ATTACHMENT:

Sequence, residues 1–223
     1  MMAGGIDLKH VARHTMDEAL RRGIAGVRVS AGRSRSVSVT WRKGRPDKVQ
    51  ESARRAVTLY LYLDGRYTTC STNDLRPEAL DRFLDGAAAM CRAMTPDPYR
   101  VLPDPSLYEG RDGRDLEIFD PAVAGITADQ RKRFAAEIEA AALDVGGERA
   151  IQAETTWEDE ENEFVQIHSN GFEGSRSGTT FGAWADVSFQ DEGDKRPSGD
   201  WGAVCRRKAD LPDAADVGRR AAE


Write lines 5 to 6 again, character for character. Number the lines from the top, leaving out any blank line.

   151  IQAETTWEDE ENEFVQIHSN GFEGSRSGTT FGAWADVSFQ DEGDKRPSGD
   201  WGAVCRRKAD LPDAADVGRR AAE